November 11, 2018 10:42 PM
(KSTP) -- The man shot and killed by a Minneapolis police officer on Friday has been identified by his roommate.
Thirty-six-year-old Travis Jordan was the man shot in the front yard of a home on the 3700 block of Morgan Avenue North about 2 p.m., according to his friend Paul Johnson.
Jordan was living with Johnson and Johnson's wife. Jordan and Johnson also worked together in the hospitality industry.
Sunday, Johnson stood outside his home, looking at the spot where Jordan fell.
"Why are tasers not pulled out, why is that not what's in their hand?" he said. "Why is the lethal form of de-escalating the situation and ending it in their hands and not all the other ways that could've been done?"
A press release from the Minneapolis Police Department said the man was armed with a knife. Two officers from the 4th Precinct responded to a welfare check at the home. Both are on administrative leave.
According to a 911 transcript released by police Sunday, a caller told dispatch Jordan had been "having a lot of suicidal thoughts because, um, depression, anxiety, but he’s not taking any pills for that. Um, he’s just taking alcohol for it."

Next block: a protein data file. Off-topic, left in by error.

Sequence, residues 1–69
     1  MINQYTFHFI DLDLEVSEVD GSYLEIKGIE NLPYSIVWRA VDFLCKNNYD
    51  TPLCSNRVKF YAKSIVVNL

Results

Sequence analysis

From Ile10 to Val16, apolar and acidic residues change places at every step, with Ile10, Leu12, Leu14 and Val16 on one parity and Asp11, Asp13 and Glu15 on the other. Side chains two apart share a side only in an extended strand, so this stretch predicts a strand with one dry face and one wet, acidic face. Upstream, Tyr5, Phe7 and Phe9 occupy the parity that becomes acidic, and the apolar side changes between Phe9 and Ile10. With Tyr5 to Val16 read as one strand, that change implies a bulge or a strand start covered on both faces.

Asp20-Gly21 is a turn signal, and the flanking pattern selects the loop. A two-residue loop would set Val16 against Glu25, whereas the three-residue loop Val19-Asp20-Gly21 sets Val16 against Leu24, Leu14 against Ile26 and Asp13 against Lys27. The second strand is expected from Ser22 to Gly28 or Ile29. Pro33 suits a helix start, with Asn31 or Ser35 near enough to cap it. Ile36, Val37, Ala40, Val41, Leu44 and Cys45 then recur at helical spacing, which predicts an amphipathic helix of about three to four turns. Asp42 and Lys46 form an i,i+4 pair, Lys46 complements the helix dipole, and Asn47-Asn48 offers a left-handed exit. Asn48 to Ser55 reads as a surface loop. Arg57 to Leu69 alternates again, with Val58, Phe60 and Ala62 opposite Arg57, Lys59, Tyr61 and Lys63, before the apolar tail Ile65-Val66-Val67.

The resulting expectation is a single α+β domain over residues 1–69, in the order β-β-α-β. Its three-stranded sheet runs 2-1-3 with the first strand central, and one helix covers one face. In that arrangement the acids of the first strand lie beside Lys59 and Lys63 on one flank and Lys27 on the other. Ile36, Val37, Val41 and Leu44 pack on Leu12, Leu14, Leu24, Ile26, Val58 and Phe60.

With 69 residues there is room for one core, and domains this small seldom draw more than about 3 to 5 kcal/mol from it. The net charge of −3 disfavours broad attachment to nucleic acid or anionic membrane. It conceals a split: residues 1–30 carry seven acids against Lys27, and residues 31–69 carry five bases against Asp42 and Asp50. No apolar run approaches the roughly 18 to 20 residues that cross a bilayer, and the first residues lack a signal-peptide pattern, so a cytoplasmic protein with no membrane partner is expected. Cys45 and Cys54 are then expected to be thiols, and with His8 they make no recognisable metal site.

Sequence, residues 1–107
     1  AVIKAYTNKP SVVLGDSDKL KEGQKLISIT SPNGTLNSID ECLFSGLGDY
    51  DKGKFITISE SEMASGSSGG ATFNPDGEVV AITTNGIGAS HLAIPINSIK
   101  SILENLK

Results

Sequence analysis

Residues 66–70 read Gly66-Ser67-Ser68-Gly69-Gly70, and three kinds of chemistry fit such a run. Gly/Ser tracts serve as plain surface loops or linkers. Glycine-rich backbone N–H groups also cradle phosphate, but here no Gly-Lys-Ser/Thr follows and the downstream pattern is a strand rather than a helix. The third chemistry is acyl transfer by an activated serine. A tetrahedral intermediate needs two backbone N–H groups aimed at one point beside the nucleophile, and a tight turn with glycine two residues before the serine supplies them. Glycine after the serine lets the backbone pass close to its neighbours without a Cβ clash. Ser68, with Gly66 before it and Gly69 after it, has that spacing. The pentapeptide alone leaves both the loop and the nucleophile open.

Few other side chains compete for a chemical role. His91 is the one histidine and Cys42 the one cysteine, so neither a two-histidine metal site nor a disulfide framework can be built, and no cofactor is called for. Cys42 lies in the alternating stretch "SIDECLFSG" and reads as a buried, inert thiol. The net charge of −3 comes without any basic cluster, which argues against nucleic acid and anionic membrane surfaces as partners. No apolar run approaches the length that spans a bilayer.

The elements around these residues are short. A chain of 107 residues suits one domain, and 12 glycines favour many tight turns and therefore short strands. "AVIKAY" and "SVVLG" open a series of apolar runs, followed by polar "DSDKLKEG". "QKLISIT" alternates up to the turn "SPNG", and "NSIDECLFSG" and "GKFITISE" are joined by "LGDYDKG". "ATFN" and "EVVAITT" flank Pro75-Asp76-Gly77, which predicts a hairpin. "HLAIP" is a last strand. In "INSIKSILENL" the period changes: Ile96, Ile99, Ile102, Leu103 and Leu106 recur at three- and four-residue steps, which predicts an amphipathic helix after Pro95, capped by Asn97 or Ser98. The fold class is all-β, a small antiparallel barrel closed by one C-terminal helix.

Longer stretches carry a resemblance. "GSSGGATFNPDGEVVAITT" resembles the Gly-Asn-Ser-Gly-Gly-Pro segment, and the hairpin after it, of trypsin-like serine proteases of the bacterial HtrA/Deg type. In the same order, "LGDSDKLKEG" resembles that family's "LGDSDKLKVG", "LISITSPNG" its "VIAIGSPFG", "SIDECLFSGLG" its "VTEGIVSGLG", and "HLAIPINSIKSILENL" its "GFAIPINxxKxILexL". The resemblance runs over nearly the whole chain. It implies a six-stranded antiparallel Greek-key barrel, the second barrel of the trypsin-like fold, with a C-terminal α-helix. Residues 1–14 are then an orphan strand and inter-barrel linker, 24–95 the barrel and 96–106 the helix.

The caller told dispatch they had spoken to Jordan earlier and he said: "he doesn't want to live, he doesn't even think about his future anymore."
"I told him I was gonna call the cops, ‘cause I was really worried about him, and he threatened me and said go ahead and call the cops, I’ll talk to them when they get here," the caller told dispatch.
At one point, the dispatch operator asked the caller if weapons were involved or mentioned. The caller said no.
Later in the conversation, the caller said, "I've looked through his text messages before and he's asked for like to find him a gun for him from someone. And then I confronted him about that a long time ago and he said he wasn't gonna do it."
Also, Sunday, the Hennepin County Medical Examiner said Jordan died from multiple gunshot wounds.
John Elder is the spokesperson for the Minneapolis Police Department and said the officers' body cameras were on, recording both audio and video of the shooting. Plus, Elder emphasized every officer on the street has been through state-mandated training on how to safely handle people in crisis. Of the 376,000 calls for service citywide this year, more than 3,200 of them involved reports of emotionally disturbed persons.
"It was a wellness check and now our friend is dead instead of alive and getting the help that he needed," Johnson's wife Allison Reinke said.
The Minnesota Bureau of Criminal Apprehension is investigating the officer-involved shooting.
Created: November 11, 2018 10:42 PM
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